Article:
Hardy's women are usually led by love and passion. The fourth phase shows us Angel's love becoming more and more intense, and Tess steadily refusing to agree to any commitment. Some more light is thrown on Angel who is intellectually admirable, and on Angel's family. We also learn that Alec D'Urberville has met old Mr. Clare and spoken rudely to him. Tess's resistance to Angel's pressure is maintained almost to the point of incredibility, but at last she consents to become “his for ever and ever". Five times she has tried to tell him her secret, and five times she has failed. In the days that follow she lives "in spiritual latitudes more nearly approaching ecstasy than any other period of her life". As they wander about enjoying the new freedom and openness of their love, Hardy continually points to the waiting terrors. The omens multiply, but the quiet wedding takes place; still the omens continue—the legendary death foreboding coach, the crowing cock, the fearsome D'Urberville portraits, and finally the news of Retty Priddles's attempt to kill herself. The last blow compels Tess to a decision; she will tell Angel there and then.

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Tess's Confession and Its Consequence:

And so we come to the most painful scene in the novel. Before Tess reveals her secret, Angel confesses a moral lapse on his part, and she forgives him readily. But he refuses to adopt a similar liberal attitude towards her guilt. This reminds us that the Victorians had one standard of judgment to men and another for women. Angel in this situation does not even show logical mind. He raises various objections. He says that Tess is not pure however, goes under the carpet and does not come into Angel's hands. Subsequently when she makes a confession after the marriage, the reaction comes as a great shock to her. Life now loses all its meaning for her.

Tess: Her Tragic End:

Deserted by Angel, Tess goes back to her family and, after a short stay with them, becomes a wage-earner at a place called Flintcomb-Ash. But her love for Angel does not diminish, and she has an inward faith that he will come to her. Her attempt to meet Angel's parents proves futile. Her long wait for Angel's return proves unrewarding. Her desperate letter to Angel brings no reply. Chance throws her again in Alec's path, and her love for Angel into ashes. When Angel returns to her it is too late, but not too late for her murder Alec and enjoys a brief interlude of happiness in Angel's arms before she is overtaken by the long arm of the law. Thus Tess proves herself to be woman with an exceptional capacity for love and for self-sacrifice. Tess is splendid woman, if ever there was one. In this peasant girl there is the stuff and the substance of which true heroines are made. Her love is of a sublime quality, and her death is a martyrdom in the cause of that love.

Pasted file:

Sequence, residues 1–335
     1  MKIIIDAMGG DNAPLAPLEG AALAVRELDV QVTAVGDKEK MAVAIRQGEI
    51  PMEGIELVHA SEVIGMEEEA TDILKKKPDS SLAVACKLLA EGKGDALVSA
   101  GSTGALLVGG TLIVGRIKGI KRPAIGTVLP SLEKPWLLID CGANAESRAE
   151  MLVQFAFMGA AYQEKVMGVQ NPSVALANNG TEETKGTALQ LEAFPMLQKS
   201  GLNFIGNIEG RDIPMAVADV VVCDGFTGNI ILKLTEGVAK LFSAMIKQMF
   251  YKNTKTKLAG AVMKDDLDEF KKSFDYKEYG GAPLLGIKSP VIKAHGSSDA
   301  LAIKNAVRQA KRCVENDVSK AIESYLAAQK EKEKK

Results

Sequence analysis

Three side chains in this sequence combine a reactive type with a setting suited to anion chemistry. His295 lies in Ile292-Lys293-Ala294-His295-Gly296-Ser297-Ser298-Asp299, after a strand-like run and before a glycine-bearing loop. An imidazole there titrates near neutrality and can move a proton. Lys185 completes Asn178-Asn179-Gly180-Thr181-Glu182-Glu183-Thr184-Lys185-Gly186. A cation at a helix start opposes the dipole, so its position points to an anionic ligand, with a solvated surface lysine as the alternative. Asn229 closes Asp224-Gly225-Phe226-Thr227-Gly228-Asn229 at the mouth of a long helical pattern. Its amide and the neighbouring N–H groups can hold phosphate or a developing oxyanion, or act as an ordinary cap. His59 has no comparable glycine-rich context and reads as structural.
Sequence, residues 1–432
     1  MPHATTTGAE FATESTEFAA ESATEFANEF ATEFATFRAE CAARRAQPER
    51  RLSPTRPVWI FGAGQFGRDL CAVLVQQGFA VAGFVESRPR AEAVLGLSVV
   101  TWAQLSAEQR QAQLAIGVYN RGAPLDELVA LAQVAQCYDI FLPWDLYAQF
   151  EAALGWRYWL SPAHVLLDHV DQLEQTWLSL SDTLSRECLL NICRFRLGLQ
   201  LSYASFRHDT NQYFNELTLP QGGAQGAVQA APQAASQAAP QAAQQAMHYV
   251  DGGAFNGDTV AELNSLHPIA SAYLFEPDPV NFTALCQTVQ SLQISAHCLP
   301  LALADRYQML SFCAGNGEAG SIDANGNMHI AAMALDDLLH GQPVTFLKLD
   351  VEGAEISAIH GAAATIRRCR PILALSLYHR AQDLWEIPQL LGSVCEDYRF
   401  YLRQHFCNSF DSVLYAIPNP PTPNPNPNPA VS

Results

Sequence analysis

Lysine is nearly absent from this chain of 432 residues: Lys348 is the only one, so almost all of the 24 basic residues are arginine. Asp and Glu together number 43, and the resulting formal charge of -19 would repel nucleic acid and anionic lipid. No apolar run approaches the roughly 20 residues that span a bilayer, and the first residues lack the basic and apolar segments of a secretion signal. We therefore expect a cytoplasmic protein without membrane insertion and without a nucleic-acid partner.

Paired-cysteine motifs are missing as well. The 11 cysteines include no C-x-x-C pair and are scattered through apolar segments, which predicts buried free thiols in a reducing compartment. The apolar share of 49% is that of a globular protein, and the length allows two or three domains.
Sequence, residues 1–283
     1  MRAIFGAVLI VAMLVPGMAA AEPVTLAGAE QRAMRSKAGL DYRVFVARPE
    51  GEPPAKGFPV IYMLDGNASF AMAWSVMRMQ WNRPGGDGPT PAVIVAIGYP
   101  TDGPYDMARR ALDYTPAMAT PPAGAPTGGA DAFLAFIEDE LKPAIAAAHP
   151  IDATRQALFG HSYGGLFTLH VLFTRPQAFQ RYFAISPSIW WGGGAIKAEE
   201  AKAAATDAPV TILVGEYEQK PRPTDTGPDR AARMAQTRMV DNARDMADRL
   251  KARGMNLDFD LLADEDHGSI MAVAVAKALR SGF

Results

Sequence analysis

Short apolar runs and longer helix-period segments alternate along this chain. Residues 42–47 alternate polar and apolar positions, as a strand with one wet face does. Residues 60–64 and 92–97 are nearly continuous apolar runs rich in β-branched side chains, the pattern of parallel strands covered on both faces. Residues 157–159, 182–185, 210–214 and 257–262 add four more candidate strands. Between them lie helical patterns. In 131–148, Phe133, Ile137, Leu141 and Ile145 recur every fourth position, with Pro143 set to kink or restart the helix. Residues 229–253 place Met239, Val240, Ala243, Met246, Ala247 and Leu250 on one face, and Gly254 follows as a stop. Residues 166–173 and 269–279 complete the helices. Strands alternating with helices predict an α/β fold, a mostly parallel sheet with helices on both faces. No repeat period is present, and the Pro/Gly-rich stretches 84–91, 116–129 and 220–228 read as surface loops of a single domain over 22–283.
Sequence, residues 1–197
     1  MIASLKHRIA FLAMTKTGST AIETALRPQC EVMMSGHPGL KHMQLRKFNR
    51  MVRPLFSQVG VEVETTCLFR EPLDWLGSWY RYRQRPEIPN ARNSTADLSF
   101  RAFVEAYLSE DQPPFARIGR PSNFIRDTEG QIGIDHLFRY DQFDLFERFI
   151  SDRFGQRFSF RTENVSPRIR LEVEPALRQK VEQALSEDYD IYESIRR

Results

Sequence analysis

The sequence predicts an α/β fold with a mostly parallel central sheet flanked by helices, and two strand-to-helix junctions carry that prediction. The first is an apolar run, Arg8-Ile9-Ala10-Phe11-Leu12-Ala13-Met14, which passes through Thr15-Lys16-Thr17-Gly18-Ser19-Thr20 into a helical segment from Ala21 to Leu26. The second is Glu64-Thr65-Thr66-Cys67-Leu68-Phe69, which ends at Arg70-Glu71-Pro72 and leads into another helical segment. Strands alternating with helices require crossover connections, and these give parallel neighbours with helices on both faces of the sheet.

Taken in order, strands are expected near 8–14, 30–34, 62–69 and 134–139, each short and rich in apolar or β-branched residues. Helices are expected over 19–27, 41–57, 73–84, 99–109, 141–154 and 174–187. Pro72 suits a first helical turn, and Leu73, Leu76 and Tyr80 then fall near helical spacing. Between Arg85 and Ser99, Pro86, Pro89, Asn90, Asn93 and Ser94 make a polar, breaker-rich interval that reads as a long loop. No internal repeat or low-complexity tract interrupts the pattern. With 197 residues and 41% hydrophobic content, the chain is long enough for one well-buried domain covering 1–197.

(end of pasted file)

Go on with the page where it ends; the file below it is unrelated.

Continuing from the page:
Tess: Her Heroic Endurance of Her Misfortunes:

What makes Tess a truly tragic figure is her heroic endurance of her misfortunes. Her seduction early in the story is, of course, her greatest misfortune. Then comes the death of her baby aptly named "Sorrow". The chapter describing Tess's hasty baptism of the child, the child's death, and its burial makes painful reading. Then comes the heart-rending episode of Angel's desertion of her. At the end of her confession of her past she waits for Angel to speak words of comfort and good cheer to her but instead hears the following words. "The woman I have been loving is not you." She bursts into a flood of self-sympathetic tears, but they have no effect on Angel. She is now overcome by a feeling of the injustice and cruelty that she has been subjected to. She wishes that she were dead. Then there follows for her a life of despair, hard toil, helplessness, and mental torture. One of the most painful chapters in the book describes Tess's work at the threshing-machine. Alecs importunities aggravate her affliction, and the eviction of the family from the cottage at Marlott comes as the final blow. Her brief stay at Sandbourne as Alec's mistress is a shameful episode in her life, but her state of mind there one of stupor, as if she were heavily drugged. The wrecking of this sensitive girl's happiness and the blighting of her hopes are unbearable for the reader but Tess endures her fate with a rare fortitude.

Tess : Her Gentle and Sympathetic Nature:

Tess is ineffably gentle. She is by nature a sympathetic being. Herself in love with Angel, yet wants to allow an opportunity to the other milk-maids to try to cap Angel's heart and even suggests to Angel that he should choose one of the rather than her. To the milk-maids she says: "He ought to marry one of you. You are all better than I."


Conclusion:

"She is high-strung, impressionable, poetic; her soul soars into space when she gazes at the night heavens, in the stress of her emotions at the sound of Clare's harp the whole of the twilight garden grows instinct with harmony and passion, and at his touch her accelerated pulse drives the blood flushing to her finger-ends. She is heroic, for we hear of her many months of lonely self-chastisement, wrestling, communings, schemings to lead a future of austere isolation, and her long endurance of retributive agonies is sublime. And she shows perfect nobility and generosity of sentiment in her attitude towards her simple rivals at the farm and in her splendid faith in Clare. Whatever else we call her, Tess remains the most lovable of Hardy's heroines. All women adore her, and some men. What she might have made of life, what life might have made of her, had circumstances and Clare been kind, is beyond dreaming."